UVM violates staff union contract, mispays union members


Annalisa Madonia

A few of the faces of UVM’s Staff Union, including (clockwise from left) Matt Rooney, Rachel Wallace-Brodeur, Ellen Kaye, and Kelli Joyce outside the Waterman building Sept. 15. Photo collage by Ellie Scott.

Editor’s note: This article was updated 1:37 p.m. Sept. 21 to correct a detail about employment start dates. 

The UVM administration mispaid multiple employees after ratifying a contract with UVM’s staff union that secured universal living wages, violating a contract that took months to complete, said Ellen Kaye, co-president of UVM Staff United.

The contract between the administration and the union secured a minimum wage of $20 an hour for all 1,350 members, Kaye said. This pay increase is retroactive dating back to July 2021, meaning the University pledged to pay each staff member the difference to meet the wage increases for hours they had worked over the past year. 

When UVM calculated retroactive compensation, they overpaid 126 employees, Kaye said. Five weeks after this inaccurate June 15 paycheck, on July 22, the administration notified the union of the error and informed those overpaid they would have to return what they later determined to be excess back to the University. The amounts ranged from a few dollars up to $5,000. 

“Our members that we were trying to bring out of financial insecurity are being thrown right back in from the mistakes of administration,” said Rachel Wallace-Brodeur, co-president of UVM Staff United. “It was incredibly frustrating, heartbreaking news.”

The 126 employees were people who made less than $21.20 an hour before the contract, worked less than full time or were hired during the past year, Kaye said. 

“These are our lowest-paid workers that we fought really hard to bring up to a livable wage,” Kaye said. “Here they are choosing between rent and food and which bills they could pay this month once again.”

Staff could pay back the money by way of a one-time check for the full amount of the retroactive paycheck they initially received and receive, instead, a reissued paycheck with the correct amount. Alternatively, staff could choose to take payroll deductions over the next ten pay periods of 2022, Kaye said. 

After union bargaining on the issue, the administration also allowed for employees to request the repayment deadline be extended to June 2023 past the initial deadline of December 2022, Kaye said. 

UVM also violated the contract by miscalculating the duration of some of the backpay, Kaye said. Staff members hired after July 1, 2021 received retroactive pay from their start date through the contract ratification date of March 20, 2022,  instead of for the full year, June 30, 2022—a loss of six weeks of pay.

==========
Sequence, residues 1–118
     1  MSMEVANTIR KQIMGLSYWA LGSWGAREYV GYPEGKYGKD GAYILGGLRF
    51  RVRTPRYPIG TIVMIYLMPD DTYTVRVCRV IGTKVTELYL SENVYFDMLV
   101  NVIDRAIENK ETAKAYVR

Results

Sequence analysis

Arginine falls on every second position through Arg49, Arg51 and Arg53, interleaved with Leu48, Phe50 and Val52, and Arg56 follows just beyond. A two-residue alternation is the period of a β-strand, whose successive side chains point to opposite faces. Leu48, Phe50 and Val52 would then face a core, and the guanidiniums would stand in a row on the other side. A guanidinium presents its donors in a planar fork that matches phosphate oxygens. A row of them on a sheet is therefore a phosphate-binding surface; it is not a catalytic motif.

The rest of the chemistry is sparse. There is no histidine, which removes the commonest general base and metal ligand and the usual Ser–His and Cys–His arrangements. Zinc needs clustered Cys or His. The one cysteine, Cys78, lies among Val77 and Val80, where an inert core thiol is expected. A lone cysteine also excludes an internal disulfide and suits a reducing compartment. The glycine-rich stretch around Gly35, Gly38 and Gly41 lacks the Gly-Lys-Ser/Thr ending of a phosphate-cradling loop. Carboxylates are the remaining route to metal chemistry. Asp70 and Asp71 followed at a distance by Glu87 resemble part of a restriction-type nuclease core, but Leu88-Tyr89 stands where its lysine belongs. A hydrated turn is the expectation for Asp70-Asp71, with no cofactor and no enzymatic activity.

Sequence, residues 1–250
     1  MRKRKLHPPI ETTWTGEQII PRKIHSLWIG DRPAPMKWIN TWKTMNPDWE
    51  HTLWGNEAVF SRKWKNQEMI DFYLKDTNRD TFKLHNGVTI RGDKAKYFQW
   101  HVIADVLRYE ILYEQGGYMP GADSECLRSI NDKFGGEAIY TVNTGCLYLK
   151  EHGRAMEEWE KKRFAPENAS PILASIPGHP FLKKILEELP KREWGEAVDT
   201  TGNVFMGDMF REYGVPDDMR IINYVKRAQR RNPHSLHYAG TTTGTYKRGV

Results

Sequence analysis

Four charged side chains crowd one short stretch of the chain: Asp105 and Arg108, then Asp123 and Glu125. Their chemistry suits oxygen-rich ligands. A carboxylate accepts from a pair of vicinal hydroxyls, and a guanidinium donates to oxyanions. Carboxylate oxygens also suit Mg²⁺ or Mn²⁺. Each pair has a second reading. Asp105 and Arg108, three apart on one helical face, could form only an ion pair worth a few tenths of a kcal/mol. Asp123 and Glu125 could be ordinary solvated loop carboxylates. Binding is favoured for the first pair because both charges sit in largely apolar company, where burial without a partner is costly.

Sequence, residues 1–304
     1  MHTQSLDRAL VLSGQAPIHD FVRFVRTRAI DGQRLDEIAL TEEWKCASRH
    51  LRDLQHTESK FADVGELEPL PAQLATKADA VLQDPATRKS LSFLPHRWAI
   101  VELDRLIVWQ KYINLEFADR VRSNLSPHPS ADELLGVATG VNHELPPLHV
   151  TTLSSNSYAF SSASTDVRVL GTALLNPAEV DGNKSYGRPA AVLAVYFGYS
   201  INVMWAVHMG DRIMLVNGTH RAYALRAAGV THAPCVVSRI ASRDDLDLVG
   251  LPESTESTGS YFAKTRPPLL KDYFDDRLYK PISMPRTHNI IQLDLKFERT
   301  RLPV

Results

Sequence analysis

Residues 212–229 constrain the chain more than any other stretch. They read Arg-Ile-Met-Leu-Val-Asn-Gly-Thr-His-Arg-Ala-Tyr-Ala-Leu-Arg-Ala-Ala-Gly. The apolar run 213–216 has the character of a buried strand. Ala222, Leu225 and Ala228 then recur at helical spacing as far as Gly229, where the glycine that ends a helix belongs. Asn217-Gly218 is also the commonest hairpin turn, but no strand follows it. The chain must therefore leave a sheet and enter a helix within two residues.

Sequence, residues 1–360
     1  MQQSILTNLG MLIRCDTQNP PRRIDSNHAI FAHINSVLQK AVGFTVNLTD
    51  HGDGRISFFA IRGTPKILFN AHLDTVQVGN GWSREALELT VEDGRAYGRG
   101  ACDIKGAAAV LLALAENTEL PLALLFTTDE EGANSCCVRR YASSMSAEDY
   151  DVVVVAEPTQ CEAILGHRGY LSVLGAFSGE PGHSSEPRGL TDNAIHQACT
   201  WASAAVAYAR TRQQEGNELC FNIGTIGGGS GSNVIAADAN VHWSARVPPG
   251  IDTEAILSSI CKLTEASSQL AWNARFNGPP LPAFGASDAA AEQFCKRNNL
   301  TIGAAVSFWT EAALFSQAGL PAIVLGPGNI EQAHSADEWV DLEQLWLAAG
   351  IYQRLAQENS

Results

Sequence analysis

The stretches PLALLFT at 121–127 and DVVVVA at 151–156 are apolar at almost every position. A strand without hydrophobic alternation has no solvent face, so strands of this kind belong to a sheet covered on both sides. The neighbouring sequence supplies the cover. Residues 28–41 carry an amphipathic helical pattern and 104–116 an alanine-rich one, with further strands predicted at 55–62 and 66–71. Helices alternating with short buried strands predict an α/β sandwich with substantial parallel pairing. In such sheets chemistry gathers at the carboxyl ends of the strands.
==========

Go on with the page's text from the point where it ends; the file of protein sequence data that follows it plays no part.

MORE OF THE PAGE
Staff members whose worker status changed during the year—such as those who transitioned from part-time to full-time or hourly to salary—were also mispaid, Kaye said. They received pay based on their current statuses, while retroactive pay relative to their past statuses was not accounted for. 

The payback requirements for those who were overpaid pose significant threats to the sanctity of the members of the union, Kaye said. The sudden, unexpected expense is causing many staff members to have to struggle to make ends meet, at no fault of their own. 

“These 126 overpayments equals about $130,000,” Kaye said. “In the scheme of things, for the University, that’s not a lot of money. But it is a lot of money for the people who have to pay it back.” 

Many staff members used the back pay to pay off loans and bills, Kaye said. Returning this money to UVM results in many of them having to lose $200-$400 a month, cutting into their funds for rent, groceries and other household bills. 

One employee questioned her initial paycheck, thinking it was too high, Kaye said. UVM told her the money was hers to spend until several weeks later when they announced the miscalculations. 

“If people have to pay back money, it should be on terms that work for them,” Wallace-Brodeur said. “The University shouldn’t be dictating what an employee can pay back.” 

The error, which took place immediately following the contract’s ratification, demonstrated a serious breach of trust for the relationship between the union and administration, Wallace-Brodeur said. 

“They have not been able to show how back pay was calculated correctly for anyone,” she said. “And that’s really eroded the trust of people who are involved.” 

Some employees have refused to sign repayment plan agreements until the administration comes forward with clear and detailed calculations for the monetary amounts owed, Kaye said. 

UVM has since agreed to allow employees to pause the repayment plans until the grievance is sorted out, Kaye said. 

In order to resolve this, the union would like to see the retroactive pay settled in a way that allows everyone to receive the amount of money they were promised, as well as have the University demonstrate transparency, communication and accountability, Kaye said. 

“The University is currently discussing with UVM Staff United the details of how best to resolve the matter,” stated UVM Spokesperson Enrique Corredera in a Sept. 15 email. “The university regrets any inconvenience that this error may have caused.”

UVM Staff United will continue to raise awareness of this through events, such as outreach campaigns and a possible upcoming press conference, until the grievance is resolved, Kaye said.